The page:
Friday, January 04, 2008
Walla Walla Rocked by Wild Winds, Paper Barely Gets Out
Although the winds were howling when my day began, as I walked to the coffee shop where I have been creating my primate portraits, there was nothing exceptional about the day at all - not even the noticeably strong wind. It does get windy here from time to time - kicking up dust and making a mess of the town as branches and power lines fall.
Little did I know that in about 4 hours, my little corner of heaven on earth would be rocked with winds that uprooted huge trees, took down entire power poles, smashed a well-known statue on the campus of my alma mater, and caused the local newspaper (the Walla Walla Union-Bulletin) to be printed by a press located in another city - for the very first time in at least 28 years.
The newspaper had talked about what to do in case their press couldn't actually print the paper, but they never had to execute those plans - until today.
As luck would have it, I was right there on the front lines, observing as the publisher whipped out his own personal credit card to buy the generator that powered up the server and three computers that would put together a skeletal paper for the day. Someone had to get gas to get it going and an extra long extension cord to power up the equipment that had been temporarily moved into the conference room. It was not by any means, a sure thing, that the newspaper would come out at all today.
That would have been unfortunate given that it was a fantastic day for local and national news.
I watched as the experts put together pages in a flash - snagging news stories and photos off the wire, formatting them, writing headlines and sub-headlines, and making sure it was all accurate. Mr. Field Notes demonstrated why he is the go-to guy for getting things done in a crisis. He is calm, cool, collected. I have to say I was impressed and proud.
I even got to play a role; I spotted an error in the headline of the story about the results of the Iowa caucus - Hillary's name was spelled with one "el." It's not that big of a deal, but when errors like that are front and center in headlines and sub-headlines, it really weakens the credibility of the paper. I also caught some minor grammatical errors on the front page.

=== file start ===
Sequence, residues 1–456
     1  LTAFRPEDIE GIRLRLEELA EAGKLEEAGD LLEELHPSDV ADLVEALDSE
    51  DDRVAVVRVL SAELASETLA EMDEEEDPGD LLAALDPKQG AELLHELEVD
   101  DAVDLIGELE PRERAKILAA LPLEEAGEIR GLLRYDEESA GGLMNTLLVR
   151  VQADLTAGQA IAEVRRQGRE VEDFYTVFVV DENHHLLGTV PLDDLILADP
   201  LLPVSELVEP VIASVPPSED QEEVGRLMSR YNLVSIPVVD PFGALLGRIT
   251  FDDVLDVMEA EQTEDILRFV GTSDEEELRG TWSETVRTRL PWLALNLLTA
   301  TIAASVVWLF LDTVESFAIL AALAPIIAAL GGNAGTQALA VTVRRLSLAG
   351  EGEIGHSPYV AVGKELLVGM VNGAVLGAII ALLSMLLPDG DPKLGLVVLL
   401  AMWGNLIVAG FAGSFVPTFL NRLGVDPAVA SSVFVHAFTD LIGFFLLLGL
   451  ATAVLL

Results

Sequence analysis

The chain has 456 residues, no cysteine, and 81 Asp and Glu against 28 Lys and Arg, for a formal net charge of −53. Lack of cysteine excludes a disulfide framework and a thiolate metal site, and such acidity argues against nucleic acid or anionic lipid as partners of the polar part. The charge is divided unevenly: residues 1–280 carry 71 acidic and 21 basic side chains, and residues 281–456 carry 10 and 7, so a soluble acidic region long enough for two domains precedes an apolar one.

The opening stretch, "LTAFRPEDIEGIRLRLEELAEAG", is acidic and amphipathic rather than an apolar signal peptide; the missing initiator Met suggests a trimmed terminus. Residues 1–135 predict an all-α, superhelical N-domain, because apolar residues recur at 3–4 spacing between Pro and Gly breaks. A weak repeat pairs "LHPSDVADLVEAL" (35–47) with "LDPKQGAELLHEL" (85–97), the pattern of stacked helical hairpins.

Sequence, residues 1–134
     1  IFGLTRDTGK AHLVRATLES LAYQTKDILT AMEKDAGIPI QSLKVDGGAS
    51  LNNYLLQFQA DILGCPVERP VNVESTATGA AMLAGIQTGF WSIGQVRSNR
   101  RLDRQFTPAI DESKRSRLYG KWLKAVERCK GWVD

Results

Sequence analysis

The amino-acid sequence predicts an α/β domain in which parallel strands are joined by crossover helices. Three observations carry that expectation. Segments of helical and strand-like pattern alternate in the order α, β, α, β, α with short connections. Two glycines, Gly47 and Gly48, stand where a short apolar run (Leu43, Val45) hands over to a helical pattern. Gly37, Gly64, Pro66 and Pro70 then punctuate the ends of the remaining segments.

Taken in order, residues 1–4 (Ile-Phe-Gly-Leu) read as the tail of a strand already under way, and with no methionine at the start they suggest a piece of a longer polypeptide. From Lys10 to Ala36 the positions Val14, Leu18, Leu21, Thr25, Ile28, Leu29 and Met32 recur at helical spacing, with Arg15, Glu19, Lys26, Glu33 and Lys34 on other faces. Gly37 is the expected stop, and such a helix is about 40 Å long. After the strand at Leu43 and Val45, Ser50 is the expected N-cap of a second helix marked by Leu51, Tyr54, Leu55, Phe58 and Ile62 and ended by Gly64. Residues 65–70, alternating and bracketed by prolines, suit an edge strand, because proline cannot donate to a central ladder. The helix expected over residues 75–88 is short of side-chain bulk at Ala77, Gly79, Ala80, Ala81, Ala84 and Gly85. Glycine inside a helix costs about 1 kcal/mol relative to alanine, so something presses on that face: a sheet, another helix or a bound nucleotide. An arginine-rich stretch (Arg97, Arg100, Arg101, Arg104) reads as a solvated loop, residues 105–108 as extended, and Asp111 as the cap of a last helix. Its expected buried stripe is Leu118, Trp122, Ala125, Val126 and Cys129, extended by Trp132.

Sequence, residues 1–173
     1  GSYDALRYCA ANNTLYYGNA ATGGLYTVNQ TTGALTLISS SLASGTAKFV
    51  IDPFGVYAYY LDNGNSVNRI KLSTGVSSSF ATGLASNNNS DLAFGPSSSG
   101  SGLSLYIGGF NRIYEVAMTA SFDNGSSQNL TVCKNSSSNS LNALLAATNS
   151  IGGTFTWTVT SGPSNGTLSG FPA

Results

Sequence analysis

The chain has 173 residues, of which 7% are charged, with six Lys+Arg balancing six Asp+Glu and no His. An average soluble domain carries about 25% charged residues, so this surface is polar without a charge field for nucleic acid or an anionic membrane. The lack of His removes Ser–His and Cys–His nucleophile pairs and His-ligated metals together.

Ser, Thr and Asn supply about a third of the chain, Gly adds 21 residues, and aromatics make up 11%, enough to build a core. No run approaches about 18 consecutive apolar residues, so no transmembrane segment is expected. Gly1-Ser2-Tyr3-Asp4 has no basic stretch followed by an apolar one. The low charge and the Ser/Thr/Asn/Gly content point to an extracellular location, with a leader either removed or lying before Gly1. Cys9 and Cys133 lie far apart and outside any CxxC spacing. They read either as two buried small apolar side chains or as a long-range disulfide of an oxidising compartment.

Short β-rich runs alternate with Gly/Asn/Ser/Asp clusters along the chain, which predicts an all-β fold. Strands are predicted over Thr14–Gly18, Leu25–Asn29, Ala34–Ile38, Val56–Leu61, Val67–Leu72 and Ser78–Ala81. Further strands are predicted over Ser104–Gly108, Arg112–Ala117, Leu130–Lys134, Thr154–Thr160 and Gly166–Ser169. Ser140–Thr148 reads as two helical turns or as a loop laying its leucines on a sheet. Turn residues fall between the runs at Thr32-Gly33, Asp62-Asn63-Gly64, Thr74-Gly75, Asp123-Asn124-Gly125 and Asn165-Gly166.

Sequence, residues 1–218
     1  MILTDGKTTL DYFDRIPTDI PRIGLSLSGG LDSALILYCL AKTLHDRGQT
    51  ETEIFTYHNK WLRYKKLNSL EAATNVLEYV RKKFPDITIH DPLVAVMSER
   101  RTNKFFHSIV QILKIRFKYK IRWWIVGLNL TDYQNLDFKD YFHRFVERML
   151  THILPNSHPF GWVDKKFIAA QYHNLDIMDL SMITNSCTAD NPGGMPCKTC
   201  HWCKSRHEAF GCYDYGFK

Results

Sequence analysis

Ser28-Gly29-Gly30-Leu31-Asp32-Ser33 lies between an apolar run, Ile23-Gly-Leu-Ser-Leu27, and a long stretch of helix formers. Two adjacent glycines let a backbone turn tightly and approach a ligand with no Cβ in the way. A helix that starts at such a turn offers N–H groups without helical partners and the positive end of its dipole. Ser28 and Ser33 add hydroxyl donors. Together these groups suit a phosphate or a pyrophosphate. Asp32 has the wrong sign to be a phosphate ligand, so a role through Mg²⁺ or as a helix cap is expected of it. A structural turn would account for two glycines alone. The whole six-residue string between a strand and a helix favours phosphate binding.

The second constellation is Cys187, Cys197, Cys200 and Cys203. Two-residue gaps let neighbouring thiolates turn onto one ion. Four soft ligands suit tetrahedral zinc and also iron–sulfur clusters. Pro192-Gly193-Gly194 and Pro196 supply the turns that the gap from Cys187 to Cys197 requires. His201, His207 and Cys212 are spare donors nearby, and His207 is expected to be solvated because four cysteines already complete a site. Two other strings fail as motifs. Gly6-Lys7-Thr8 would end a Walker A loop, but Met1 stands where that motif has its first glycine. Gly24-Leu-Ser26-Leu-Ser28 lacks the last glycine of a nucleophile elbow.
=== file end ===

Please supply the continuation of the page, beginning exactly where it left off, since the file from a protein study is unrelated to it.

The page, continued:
The pages even came out on time. That is an achievement given that they had to rebuild entire pages from scratch and get them out the door and on the road to Pendleton, Oregon in less than 45 minutes.
That wasn't the only excitement in my neighborhood.
The walk back to my house got increasingly more exciting as I approached home. Away from downtown, old trees line every street and many grow well within the range to do major damage to structures.
The house around the corner from me is completely smashed by the huge tree that fell on it. The root ball of the tree blocks our alley.
Power lines are down everywhere, including the pole that brings power to our house. We will not have power for a good long time, I would imagine. The line that delivers power to, I mean delivered, swings in the breeze right over our front porch.
On campus, old trees are uprooted everywhere. They are mostly pines, but a few others of substantial size are also uprooted. The path over the campus creek to my old building is blocked by a huge tree. That pales in comparison to the damage leveled by the huge tree of heaven that stands, at half mast, behind "Mem." It fell over and crushed the most loathed piece of art on campus - the statue of the "paper clip."
Unless I go somewhere else, which I plan to do, blog posts and all etsy business will be on hiatus until power is restored to my house.
Dinner should be fun...